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The Different Types of Business Writing (And How to Use Them)

  • Posted by Adam Hoff
  • 28 July 2018

Business writing is so diverse. So much so that you may sometimes wonder what style you are supposed to adopt when writing documents for various uses. Several companies have come up with their own personalized style of writing that applies to their specific industry. There are also specific writing skills and tips required for technical writers. If you are an owner of a business, you probably have realized that different scenarios call for a variety of business writing. You may, for instance, need to write to prospective clients, suppliers, employees or even business agencies that you are working with. 


The entire field of business writing, thankfully, can be reduced to four categories of documents. Every group has a particular objective that the writer intends to achieve. This is a broad classification of all business documents. This means that a majority of the documents fall into these groups. This write up intends to discuss the four types of business writing and possible areas of application. This information will prove to be very helpful in guiding your choice of the document based on the objective you intend to achieve.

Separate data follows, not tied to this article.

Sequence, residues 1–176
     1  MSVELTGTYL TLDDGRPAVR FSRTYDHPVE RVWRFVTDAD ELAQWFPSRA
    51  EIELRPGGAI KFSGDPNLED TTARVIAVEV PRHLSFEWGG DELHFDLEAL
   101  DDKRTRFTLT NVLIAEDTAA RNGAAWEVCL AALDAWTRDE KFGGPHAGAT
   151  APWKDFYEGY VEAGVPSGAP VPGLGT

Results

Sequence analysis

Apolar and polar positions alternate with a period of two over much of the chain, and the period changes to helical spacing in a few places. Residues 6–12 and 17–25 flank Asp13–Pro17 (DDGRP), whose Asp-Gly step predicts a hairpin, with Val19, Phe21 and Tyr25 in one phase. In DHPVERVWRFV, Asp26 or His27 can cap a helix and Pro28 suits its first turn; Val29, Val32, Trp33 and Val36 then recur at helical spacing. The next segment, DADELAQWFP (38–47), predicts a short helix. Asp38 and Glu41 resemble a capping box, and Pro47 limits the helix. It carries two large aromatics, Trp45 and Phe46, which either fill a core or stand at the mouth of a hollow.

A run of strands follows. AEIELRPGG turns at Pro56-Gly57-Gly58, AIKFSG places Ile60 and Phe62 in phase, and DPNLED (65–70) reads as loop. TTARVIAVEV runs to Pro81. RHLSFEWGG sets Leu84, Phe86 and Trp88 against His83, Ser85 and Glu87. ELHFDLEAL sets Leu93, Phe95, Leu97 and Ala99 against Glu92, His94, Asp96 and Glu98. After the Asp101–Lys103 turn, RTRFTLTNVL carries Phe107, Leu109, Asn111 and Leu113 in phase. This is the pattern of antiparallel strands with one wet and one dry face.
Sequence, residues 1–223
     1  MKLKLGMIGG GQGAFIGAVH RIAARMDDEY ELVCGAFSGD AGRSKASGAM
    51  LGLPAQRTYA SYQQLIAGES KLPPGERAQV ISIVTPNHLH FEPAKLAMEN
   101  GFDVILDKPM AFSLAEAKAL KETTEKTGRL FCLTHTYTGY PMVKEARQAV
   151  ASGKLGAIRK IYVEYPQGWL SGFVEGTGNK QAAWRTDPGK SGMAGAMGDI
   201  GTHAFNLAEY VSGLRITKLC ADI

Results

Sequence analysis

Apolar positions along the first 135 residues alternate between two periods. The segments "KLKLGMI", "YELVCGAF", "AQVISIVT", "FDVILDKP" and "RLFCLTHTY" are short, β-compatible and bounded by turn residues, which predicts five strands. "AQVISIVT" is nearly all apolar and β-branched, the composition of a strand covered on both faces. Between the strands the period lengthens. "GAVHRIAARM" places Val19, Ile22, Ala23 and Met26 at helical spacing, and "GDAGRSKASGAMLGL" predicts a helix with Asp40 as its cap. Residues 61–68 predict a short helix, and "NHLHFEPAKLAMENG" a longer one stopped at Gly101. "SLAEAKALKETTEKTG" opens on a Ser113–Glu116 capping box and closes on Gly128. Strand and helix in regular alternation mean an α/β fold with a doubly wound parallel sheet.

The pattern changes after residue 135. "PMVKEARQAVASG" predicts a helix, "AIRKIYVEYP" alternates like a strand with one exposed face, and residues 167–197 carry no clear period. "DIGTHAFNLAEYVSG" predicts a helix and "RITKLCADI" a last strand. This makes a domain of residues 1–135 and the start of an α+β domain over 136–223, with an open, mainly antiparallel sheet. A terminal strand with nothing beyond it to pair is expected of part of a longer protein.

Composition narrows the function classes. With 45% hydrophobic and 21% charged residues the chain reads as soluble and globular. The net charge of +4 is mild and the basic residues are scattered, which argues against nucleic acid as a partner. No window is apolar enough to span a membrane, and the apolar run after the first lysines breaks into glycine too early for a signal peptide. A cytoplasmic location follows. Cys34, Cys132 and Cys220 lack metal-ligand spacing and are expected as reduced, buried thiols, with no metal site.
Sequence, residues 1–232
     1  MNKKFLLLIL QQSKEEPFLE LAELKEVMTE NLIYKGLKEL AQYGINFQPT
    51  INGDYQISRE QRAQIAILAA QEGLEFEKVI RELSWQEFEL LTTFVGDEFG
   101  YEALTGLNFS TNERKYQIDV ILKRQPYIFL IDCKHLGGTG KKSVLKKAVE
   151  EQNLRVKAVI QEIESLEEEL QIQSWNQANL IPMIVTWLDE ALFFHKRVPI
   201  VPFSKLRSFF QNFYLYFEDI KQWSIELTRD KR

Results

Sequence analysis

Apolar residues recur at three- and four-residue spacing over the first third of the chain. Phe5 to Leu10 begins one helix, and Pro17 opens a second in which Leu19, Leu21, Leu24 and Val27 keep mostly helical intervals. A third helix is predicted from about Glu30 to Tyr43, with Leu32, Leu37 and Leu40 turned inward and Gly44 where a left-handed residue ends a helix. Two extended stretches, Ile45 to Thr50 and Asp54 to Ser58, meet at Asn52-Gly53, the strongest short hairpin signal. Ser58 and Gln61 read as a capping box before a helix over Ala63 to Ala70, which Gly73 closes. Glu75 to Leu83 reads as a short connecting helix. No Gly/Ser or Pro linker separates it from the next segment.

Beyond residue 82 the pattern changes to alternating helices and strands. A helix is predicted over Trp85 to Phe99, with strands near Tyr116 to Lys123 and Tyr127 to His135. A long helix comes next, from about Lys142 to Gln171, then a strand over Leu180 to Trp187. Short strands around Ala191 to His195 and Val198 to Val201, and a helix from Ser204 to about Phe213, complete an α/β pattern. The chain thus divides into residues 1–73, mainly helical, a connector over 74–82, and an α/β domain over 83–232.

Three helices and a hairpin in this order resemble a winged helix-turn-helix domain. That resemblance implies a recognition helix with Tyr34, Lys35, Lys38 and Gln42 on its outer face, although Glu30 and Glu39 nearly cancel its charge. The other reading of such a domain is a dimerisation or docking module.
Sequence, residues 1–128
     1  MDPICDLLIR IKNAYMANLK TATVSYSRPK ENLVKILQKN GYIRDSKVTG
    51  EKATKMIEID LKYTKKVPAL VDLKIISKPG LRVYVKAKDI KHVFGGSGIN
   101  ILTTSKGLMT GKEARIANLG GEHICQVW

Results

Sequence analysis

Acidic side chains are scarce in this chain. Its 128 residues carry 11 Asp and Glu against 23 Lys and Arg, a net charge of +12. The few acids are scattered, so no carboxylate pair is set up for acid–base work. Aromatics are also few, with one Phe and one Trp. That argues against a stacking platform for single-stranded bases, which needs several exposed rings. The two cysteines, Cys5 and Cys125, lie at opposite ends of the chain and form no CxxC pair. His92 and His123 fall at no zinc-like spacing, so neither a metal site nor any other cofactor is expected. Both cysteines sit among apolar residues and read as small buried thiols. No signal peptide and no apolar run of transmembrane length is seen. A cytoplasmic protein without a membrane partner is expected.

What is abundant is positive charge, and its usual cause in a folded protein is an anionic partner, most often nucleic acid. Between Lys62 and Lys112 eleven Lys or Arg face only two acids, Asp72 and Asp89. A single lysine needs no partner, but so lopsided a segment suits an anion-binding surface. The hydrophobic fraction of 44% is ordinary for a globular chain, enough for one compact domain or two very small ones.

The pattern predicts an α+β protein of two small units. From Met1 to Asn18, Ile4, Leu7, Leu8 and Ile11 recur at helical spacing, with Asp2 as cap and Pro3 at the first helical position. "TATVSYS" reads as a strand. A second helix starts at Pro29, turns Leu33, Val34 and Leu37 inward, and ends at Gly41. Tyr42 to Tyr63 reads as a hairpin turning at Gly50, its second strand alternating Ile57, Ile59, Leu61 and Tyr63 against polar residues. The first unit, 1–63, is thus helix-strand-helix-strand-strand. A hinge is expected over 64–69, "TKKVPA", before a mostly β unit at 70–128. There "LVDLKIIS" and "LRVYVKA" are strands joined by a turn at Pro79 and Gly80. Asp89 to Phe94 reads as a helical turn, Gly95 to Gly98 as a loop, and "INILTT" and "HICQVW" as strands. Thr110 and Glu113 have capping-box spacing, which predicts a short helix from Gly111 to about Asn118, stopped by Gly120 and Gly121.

1. Informational writing


Not all information is supposed to be acted upon. A greater amount of business writing is done to create a reference or keep records of business dealings. This group of documents has to do with the less attractive documents but which are still necessary for the day to day running of any organization. It is absolutely necessary that you create a culture of detailed, consistent and accurate recording of information in your business if you hope to make progress, be able to predict future events and even be able to keep compliant with contractual and legal requirements. Examples of documents in this category include:

  • Reports: Through reports, your organization can communicate technical information, keep records of tasks that have been completed, record daily occurrences at the firm, provide recommendations for future action and also provide a reference to guide policy adoption in the future. Reports take up a larger portion of informative writing in every business organization. A report can only be considered good and informative if the reader can easily understand what is written in it so as to make wise and informed decisions.